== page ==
As far as I have been able to determine, I was the FIRST Novice licensed in the state of North Dakota. During my final year of High School, I spent considerable time with Vic, W0CPS, who was the electrician, refrigeration repair, and radio repair in our small time. Vic was a Class C (later Conditional) Class licensee because we were 350 miles from the FCC office and the FCC engineers came to Fargo, ND (90 miles away) only once a year. At that time Vic only operated 160 meters which was the favorite band of eastern ND hams. You had to be a Class A to operate 75 and 20 at that time. Vic passed CW and promptly forgot all he knew so he was no help to me in learning CW. In the spring of 1951 I heard about the Novice license availability starting July 1. Being so far from FCC office I was allowed to take the test with a Class A operator.
On July 1 I applied to the FCC office in St. Paul for a Novice exam package. The package came sealed and had a note that it was to opened by the Class A ham only after I had passed the CW test at 5 wpm. I found a Class A licensee in a city about 30 miles away who gave me the exam. It was then mailed to St. Paul for grading. I received my license in about 3 weeks and assigned WN0EBA on July 24, 1951 with expiration on July 24, 1952. W0CPS had purchased a lot of WWII surplus radios and he sold me a BC454 receiver which covered 3 to 6 megacycles. It had 28 volt filaments so I found a power supply kit advertised in either CQ or QST so I ordered that to power it. I also built a 6V6 crystal oscillator using a power supply from an old AM radio console. My antenna was an end-feb Zepp of some undetermined length. So I was on the air calling CQ time after time trying to get a contact. The novice band sounded abo ut as active as it is today - there just weren't any one around yet. I was probably running about 7 or 8 watts input and now I know that the output probably was less than a watt. After almost 2 months I finally made contact with a ham in South Dakota. I don't remember his call because, unfortunately, all my logs and QSLs were lost in a move in 1965.
My activity was very limited that first year because it was off to college. I did pass my Conditional Class license the summer of 1952 and W0EBA was issued to me on August 22, 1952. That year I purchased a used Hallicrafters HQ129x -- boy what an improvement from the BC454. Also in 1953 I decided to become "legitimate" with a General Class even though it was not required. On May 6, 1953 my license was endorsed as GENERAL. In 1956 I entered the Navy and was stationed.in a small town on Puget Sound, Washington. I became K7AUS on July 30, 1957. Upon returning to Minnesota in 1960, I once again became W0EBA but never was active. That license expired in 1967 during the time that the FCC was charging for ham licenses. I did not have spare money to renew a license that was not going to be used and I was raising a family of 4 kids.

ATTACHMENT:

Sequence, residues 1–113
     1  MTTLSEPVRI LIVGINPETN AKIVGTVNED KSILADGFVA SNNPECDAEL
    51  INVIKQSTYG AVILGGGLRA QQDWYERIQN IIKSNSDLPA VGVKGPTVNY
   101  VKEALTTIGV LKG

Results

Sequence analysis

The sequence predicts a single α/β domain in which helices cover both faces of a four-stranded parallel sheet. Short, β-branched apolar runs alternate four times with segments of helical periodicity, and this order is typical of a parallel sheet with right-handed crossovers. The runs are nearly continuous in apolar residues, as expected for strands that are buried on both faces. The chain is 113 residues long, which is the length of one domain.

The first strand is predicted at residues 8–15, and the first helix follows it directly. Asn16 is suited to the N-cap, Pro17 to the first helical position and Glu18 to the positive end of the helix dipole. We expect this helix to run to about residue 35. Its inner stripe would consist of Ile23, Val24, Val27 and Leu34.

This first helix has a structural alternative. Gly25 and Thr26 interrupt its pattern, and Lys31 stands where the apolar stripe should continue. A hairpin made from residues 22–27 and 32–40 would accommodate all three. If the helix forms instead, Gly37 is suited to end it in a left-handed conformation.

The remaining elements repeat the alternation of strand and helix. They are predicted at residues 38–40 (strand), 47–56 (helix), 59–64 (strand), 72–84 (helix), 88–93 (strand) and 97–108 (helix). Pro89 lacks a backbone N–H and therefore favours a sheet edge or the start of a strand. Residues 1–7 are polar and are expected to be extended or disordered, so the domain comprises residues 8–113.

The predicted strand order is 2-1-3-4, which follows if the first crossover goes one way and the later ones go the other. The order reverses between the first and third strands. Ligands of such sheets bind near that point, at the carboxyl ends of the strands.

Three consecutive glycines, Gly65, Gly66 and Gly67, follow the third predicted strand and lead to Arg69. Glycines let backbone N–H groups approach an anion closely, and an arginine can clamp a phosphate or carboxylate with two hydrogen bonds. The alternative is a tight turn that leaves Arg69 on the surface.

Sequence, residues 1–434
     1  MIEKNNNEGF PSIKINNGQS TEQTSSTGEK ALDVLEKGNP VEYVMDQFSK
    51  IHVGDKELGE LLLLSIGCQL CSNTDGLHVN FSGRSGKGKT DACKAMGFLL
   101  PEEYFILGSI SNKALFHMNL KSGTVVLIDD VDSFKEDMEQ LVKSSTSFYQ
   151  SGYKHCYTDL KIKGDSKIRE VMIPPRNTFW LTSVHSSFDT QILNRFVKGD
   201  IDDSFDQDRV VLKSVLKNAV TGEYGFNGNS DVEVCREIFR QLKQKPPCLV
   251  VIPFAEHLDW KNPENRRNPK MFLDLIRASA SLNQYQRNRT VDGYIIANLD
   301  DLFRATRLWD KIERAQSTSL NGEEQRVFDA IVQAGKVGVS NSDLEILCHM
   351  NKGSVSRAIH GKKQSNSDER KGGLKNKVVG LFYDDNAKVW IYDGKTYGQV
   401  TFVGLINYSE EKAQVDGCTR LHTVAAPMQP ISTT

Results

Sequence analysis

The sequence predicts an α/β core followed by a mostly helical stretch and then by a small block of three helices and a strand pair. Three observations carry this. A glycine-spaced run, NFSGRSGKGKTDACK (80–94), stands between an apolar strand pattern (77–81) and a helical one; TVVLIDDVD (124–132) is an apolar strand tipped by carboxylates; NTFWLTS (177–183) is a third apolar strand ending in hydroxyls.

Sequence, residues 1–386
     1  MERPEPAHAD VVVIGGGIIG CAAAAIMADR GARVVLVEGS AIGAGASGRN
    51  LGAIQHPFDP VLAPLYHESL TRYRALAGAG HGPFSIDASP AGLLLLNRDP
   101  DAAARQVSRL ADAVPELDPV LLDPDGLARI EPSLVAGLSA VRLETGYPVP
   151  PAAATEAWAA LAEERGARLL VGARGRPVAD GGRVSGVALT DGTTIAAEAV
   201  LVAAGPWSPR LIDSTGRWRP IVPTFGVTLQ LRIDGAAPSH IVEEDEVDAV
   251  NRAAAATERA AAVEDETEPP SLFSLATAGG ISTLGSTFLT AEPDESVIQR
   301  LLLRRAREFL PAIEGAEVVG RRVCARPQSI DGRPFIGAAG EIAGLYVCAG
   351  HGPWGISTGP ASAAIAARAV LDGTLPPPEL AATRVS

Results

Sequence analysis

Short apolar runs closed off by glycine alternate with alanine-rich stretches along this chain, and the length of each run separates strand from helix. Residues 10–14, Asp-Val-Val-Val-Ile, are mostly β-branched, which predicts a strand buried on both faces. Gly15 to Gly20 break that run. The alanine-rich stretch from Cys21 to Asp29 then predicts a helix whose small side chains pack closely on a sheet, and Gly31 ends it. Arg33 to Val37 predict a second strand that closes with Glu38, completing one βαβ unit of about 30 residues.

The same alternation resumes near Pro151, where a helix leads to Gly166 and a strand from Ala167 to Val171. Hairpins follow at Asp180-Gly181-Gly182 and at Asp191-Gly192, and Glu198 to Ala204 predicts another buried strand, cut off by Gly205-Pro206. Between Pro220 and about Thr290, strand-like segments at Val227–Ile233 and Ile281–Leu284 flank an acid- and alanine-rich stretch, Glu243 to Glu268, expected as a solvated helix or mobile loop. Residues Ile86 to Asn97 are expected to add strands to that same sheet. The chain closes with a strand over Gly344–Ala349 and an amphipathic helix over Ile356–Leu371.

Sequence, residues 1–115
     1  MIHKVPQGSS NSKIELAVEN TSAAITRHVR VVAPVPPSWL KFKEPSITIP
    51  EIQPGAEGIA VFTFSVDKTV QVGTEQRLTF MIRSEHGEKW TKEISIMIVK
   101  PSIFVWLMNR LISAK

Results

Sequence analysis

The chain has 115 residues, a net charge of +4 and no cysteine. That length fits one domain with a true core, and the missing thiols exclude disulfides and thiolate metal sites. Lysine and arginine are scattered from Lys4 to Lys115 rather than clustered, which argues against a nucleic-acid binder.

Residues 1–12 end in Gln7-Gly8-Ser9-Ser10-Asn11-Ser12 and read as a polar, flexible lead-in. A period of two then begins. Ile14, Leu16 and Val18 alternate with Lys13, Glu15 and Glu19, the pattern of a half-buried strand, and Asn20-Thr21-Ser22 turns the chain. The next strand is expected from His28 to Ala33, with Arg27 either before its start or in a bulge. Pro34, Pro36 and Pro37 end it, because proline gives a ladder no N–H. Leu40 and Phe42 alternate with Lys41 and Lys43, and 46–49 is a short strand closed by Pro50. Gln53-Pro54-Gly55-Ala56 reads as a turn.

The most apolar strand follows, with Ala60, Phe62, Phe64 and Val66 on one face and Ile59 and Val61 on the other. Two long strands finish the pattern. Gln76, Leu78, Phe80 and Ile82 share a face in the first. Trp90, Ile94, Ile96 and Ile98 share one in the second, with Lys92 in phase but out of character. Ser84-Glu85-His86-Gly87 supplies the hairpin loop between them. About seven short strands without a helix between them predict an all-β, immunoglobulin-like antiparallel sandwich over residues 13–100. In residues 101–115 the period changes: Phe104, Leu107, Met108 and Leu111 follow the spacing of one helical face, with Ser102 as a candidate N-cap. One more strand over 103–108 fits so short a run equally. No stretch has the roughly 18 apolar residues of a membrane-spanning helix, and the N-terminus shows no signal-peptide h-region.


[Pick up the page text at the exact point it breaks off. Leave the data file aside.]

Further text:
In 1986, I decided to get back into ham radio. I had to start over completely, taking the all the elements and going all the way to Extra in a short time. I finally became WV8B. When I retired and moved from Ohio, I decided to get my old call back of W0EBA through the vanity system -- an unfortunate decision because in spite of the 2-year wait rule the FCC re-issued WV8B within a couple of months. By the time I realized my regrets, it was too late to get WV8B back. I found the W0 call in North Florida Section caused a lot of problems with contests when in contests. A lot of people could not hear North Florida and kept asking North Dakota? That's when I found that W4EBA was available so that is what I am today.
I operate almost exclusively in CW contests primarily due to antenna restrictions in my deed which limits my ability to get out with a good signal.